With Brent crude averaging 44% less per barrel year over year in the second quarter, and global prices hovering around that mark, the current surplus in supply doesn’t seem to be slowing down. BP has shown the resilience to survive economic downturns and recessions, surviving the market crash in 2009 and managing through economic crises earlier in the 20th century. BP has continued paying yearly dividends on shares that trade in US markets despite the current economic climate, with their dividend yield currently sitting at 7.45%.  UK listed shares has seen the dividend yield for the last twelve months at 6.30%. Overall, the company hasn’t shown signs of dropping its American dividends, and doesn’t seem inclined to.

The Technical Take

A deeper look at the charts show that BP has not been resilient to the downturn in crude oil prices, with a relatively strong correlation to the direction of Brent and WTI.  Despite the oversupply conditions that created the weakness in prices, BP has managed to outperform the drop, falling less year over year compared to the price of Brent.  More concerning however is the “death cross” formation that emerged in the shares back in July which saw the 50-day moving average cross the 200-day moving average to the downside.  This is a highly bearish formation and with BP shares trading below both averages, the bias remains downwards as a result as the shares trade near 52-week lows.

On a shorter time frame, BP shares have trended progressively lower in an equidistant channel formation since the end of May as expectations for oil prices to remain lower for longer impacted companies across the sector. 


While BP is currently sitting at almost bargain-bin prices, it might not be the best point to jump in despite being one of the best diversified exploration and production companies across the globe.  Even though it may seem a good entry point for investors looking to diversify into oil producers, the risk of a long-term lull in oil prices could widely impact profitability despite downstream operations capabilities. As the company begins to put away its legal issues and gain some clarity, and with markets finally looking like they’re stabilizing, BP might have a bright future ahead, especially for income investors interested in the dividend.  However, in the near-term, the bias remains fully to the downside, necessitating Put positions to take advantage of momentum lower in prices.  Long-term value investors should be careful about watching the falling knife considering the external factors facing the industry.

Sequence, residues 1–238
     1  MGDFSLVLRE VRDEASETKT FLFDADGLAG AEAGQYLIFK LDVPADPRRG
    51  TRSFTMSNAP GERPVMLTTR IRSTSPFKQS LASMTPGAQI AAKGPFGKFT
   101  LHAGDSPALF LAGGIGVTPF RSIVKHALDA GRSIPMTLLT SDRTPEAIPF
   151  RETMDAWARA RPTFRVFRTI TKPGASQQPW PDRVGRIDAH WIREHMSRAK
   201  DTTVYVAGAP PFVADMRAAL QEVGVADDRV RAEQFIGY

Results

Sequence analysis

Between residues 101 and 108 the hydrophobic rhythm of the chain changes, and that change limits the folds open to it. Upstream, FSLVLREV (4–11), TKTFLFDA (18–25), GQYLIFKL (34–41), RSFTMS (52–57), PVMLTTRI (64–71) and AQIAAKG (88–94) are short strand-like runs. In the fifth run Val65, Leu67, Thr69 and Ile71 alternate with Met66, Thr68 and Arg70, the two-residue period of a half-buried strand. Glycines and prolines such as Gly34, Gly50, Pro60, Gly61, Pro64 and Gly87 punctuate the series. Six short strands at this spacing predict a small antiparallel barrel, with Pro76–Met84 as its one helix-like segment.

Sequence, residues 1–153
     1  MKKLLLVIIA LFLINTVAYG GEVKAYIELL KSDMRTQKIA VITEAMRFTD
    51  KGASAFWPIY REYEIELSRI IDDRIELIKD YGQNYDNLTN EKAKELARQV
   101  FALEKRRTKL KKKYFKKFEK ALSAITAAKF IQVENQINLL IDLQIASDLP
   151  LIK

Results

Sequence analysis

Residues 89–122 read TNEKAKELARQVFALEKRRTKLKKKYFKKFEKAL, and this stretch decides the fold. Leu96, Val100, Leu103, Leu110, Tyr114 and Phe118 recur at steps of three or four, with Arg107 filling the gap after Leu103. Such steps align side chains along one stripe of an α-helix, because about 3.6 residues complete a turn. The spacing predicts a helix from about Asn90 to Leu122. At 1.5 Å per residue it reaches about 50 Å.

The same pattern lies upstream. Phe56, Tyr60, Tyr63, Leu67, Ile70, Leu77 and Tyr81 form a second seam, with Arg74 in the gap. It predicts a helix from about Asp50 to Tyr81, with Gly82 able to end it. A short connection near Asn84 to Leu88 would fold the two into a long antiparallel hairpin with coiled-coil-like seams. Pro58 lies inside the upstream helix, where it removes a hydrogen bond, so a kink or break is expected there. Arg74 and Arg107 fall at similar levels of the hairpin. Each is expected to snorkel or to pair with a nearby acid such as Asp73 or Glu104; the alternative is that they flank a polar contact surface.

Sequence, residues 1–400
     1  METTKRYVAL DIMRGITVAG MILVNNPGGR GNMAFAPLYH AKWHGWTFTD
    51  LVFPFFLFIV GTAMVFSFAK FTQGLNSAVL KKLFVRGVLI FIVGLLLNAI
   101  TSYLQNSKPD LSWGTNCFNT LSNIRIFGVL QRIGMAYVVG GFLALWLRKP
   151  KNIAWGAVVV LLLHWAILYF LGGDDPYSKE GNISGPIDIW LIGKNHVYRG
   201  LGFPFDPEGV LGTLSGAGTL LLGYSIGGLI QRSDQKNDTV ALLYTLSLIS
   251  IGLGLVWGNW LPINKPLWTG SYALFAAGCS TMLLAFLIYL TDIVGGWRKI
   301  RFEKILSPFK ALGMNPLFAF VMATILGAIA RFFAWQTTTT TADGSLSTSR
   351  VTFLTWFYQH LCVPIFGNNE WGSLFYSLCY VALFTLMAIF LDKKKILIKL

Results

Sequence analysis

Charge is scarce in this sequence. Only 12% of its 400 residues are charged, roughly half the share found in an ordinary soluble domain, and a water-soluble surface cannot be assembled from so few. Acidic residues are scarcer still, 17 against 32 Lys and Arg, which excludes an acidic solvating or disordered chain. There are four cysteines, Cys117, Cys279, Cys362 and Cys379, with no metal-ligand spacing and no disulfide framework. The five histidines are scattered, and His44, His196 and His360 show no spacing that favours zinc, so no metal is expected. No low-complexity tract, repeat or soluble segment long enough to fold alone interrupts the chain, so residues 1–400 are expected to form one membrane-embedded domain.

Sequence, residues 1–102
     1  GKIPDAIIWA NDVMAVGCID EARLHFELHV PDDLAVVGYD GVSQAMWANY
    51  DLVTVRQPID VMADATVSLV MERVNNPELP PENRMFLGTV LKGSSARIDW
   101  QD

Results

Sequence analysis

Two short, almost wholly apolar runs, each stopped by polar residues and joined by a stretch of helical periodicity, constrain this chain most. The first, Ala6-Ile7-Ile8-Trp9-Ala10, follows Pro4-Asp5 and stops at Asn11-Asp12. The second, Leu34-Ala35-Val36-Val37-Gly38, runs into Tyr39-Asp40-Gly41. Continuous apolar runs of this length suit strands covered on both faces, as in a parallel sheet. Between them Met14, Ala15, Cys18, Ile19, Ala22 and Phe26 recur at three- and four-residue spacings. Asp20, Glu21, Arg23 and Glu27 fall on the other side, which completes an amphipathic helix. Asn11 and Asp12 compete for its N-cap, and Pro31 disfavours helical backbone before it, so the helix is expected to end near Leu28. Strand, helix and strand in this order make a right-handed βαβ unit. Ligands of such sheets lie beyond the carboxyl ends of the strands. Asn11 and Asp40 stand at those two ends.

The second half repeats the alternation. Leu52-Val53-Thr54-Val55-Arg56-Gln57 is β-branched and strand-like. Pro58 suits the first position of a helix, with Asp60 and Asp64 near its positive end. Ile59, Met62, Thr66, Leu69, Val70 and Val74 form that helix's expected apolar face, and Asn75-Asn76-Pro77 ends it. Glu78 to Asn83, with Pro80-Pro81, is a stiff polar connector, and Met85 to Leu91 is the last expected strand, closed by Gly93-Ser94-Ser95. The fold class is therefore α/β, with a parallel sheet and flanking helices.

Anyoption™ is the world's leading binary options trading platform. Founded in 2008, anyoption was the first financial trading platform that made it possible for anyone to invest and profit from the global stock market through trading binary options.

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Disclaimer: The above is a matter of opinion provided for general information purposes only and is not intended as investment advice. Information and analysis above are derived from sources and utilising methods believed to be reliable, but we cannot accept responsibility for any losses you may incur as a result of this analysis. Individuals should consult with their personal financial advisors.